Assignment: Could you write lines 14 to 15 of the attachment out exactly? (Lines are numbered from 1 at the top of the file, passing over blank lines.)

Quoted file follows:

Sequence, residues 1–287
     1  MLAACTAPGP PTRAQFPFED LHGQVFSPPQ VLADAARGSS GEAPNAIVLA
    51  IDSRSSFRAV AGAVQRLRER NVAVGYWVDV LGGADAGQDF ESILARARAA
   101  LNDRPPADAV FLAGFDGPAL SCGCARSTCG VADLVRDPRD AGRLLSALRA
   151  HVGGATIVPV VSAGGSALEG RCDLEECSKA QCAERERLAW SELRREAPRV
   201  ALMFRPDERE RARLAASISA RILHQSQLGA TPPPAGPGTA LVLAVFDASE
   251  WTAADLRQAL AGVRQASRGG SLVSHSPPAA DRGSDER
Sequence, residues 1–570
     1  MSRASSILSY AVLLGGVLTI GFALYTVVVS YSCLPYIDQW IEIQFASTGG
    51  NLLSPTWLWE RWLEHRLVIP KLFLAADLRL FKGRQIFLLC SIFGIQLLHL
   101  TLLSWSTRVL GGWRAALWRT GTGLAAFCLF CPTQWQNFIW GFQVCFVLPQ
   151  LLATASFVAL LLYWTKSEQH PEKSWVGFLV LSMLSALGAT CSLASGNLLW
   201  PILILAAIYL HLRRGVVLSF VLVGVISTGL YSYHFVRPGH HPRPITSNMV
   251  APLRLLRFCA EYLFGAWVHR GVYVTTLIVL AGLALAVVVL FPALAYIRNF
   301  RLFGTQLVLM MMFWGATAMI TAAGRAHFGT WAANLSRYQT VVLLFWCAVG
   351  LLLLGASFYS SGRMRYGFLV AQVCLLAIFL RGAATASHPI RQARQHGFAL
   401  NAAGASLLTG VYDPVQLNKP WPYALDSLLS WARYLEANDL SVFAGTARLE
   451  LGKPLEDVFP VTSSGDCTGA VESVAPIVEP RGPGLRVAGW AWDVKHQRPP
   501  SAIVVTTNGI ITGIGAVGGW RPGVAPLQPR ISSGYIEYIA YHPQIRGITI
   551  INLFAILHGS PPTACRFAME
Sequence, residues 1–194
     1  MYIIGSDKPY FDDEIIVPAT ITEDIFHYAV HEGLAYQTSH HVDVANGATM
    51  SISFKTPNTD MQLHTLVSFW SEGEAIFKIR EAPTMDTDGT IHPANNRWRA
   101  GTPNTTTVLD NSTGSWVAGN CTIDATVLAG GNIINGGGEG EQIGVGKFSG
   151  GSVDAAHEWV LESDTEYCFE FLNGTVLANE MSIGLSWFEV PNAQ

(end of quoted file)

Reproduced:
   251  APLRLLRFCA EYLFGAWVHR GVYVTTLIVL AGLALAVVVL FPALAYIRNF
   301  RLFGTQLVLM MMFWGATAMI TAAGRAHFGT WAANLSRYQT VVLLFWCAVG